Thomas Cranmer (1489-1556) Thomas Cranmer, considered by many to be the creator of the English Reformed Church as we know it today, entered the ministry for a simple reason: his father only had enough land to give his eldest son, so Thomas and his younger brother as poor members of the gentry joined the clergy.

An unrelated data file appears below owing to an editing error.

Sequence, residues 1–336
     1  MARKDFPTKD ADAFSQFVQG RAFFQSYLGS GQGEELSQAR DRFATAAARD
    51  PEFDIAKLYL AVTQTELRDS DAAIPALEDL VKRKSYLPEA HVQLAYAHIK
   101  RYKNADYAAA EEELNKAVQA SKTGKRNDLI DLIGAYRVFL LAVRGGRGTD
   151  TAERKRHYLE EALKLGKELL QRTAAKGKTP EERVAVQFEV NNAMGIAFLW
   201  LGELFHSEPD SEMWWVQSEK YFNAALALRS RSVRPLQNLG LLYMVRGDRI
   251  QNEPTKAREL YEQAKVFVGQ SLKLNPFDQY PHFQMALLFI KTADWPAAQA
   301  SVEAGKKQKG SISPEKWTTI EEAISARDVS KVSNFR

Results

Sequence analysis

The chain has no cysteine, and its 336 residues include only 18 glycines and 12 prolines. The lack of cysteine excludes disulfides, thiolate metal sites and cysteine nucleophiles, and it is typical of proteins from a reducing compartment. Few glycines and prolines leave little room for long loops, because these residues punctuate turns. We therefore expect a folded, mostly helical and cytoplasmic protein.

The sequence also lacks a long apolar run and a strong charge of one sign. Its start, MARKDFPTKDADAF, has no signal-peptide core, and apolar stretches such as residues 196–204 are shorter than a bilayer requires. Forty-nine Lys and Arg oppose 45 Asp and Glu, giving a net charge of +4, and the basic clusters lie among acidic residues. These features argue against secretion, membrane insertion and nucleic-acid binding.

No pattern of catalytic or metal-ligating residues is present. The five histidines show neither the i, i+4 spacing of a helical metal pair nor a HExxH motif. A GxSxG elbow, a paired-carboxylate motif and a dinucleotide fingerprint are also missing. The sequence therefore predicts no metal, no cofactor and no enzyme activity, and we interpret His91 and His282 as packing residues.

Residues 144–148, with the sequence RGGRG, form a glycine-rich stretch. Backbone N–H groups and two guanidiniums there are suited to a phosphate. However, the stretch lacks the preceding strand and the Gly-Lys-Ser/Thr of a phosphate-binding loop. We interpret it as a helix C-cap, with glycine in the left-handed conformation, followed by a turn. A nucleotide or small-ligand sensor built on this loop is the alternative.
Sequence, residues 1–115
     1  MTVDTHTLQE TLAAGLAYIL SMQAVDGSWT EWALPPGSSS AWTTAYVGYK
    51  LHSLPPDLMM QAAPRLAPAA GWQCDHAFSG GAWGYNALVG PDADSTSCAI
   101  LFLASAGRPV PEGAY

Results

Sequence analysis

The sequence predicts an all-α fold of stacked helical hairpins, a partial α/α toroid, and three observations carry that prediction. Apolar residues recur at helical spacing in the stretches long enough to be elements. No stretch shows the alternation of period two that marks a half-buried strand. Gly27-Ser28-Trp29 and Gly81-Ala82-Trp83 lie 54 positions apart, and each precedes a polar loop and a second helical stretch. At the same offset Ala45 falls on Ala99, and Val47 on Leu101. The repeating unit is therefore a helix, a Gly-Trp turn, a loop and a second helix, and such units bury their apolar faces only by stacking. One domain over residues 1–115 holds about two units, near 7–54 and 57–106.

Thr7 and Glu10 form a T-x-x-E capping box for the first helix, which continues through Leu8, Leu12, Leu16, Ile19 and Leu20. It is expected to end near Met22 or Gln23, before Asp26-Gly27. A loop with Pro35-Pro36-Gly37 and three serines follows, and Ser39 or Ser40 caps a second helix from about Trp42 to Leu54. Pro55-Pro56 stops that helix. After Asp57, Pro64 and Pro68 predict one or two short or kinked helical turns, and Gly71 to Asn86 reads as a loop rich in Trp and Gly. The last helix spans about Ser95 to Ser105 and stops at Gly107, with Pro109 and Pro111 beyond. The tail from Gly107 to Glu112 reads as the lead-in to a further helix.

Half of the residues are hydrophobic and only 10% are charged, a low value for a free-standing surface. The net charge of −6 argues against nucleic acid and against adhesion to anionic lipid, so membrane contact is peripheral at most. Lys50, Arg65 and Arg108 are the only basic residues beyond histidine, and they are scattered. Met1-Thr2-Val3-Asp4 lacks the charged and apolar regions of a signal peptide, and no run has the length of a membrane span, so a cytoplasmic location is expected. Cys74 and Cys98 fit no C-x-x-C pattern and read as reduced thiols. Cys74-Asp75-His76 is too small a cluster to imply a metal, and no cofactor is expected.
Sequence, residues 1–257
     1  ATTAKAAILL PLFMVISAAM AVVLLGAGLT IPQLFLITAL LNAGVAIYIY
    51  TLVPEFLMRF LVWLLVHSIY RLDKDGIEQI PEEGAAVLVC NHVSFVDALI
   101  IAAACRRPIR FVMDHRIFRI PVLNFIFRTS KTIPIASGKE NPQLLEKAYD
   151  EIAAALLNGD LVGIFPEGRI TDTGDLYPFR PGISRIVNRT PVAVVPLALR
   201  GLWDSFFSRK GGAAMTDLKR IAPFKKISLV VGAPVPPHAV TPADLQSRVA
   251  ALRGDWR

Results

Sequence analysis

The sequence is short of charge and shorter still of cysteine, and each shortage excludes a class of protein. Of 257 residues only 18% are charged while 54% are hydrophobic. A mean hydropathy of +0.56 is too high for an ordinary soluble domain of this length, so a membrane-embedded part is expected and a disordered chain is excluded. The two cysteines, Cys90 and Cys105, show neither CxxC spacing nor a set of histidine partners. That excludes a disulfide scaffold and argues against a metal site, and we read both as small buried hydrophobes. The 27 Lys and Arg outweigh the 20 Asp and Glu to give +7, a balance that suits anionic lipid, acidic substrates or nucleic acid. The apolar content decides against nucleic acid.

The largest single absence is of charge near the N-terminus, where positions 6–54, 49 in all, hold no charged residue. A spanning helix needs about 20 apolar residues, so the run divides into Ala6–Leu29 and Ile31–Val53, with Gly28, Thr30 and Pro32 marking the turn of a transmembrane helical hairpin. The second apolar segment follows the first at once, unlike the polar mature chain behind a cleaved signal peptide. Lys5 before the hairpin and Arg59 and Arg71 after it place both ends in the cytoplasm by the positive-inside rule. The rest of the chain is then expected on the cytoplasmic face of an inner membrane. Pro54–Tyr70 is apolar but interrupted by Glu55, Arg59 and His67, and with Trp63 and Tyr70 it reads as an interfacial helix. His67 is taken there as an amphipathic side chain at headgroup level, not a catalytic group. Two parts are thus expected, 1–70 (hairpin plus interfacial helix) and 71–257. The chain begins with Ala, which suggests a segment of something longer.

Cranmer was given a fellowship at Jesus College, Cambridge in 1510, which he lost when he married the daughter of a local tavern-keeper. She died in childbirth, at which point he was re-accepted by the college and devoted himself to study. He took holy orders in 1523. A plague forced Cranmer to leave Cambridge for Essex. Here, he came to the attention of Henry VIII, who was staying nearby. The King and his councillors found Cranmer a willing advocate for Henry's desired divorce from Catherine of Aragon. Cranmer argued the case as part of the embassy to Rome in 1530, and in 1532 became ambassador to Holy Roman Emperor Charles V. In Germany, where he was sent to learn more about the Lutheran movement, he met Andreas Osiander, a Lutheran reformer whose ideology appealed. It seems Osiander's niece also appealed, and Cranmer and the niece, Margaret, were married that year. In 1533, Cranmer was chosen to be Archbishop of Canterbury and forced (for a time) to hide his married state. Once his appointment was approved by the Pope, Cranmer declared Henry's marriage to Catherine void, and four months later married him to Anne Boleyn. In 1536 it was Anne's marriage that was declared invalid, then Anne of Cleves (1540), then Catherine Howard. He was warmly supported by Henry until the King's death. With Thomas Cromwell, he supported the translation of the Bible into English. In 1545 he wrote a litany that is still used in the church. Under the reign of Edward VI, Cranmer was allowed to make the doctrinal changes he thought necessary to the church. In 1549 he helped complete the Book of Common Prayer, for which his contributions are well-known. After Edward VI's death, Cranmer supported Lady Jane Grey as successor. Her nine-day reign was followed by the Roman Catholic Queen Mary, who tried him for treason. After a long trial and imprisonment, he was forced to proclaim to the public his error in the support of Protestantism, an act designed to discourage followers of the religion. However, at his execution, he dramatically stuck his right hand in the fire, the hand with which he had falsely signed his renouncement of his beliefs, crying, "This hath offended!" With that gesture, the government's hope of quelling the Reform Protestant movement was undone. ~From the BBC website
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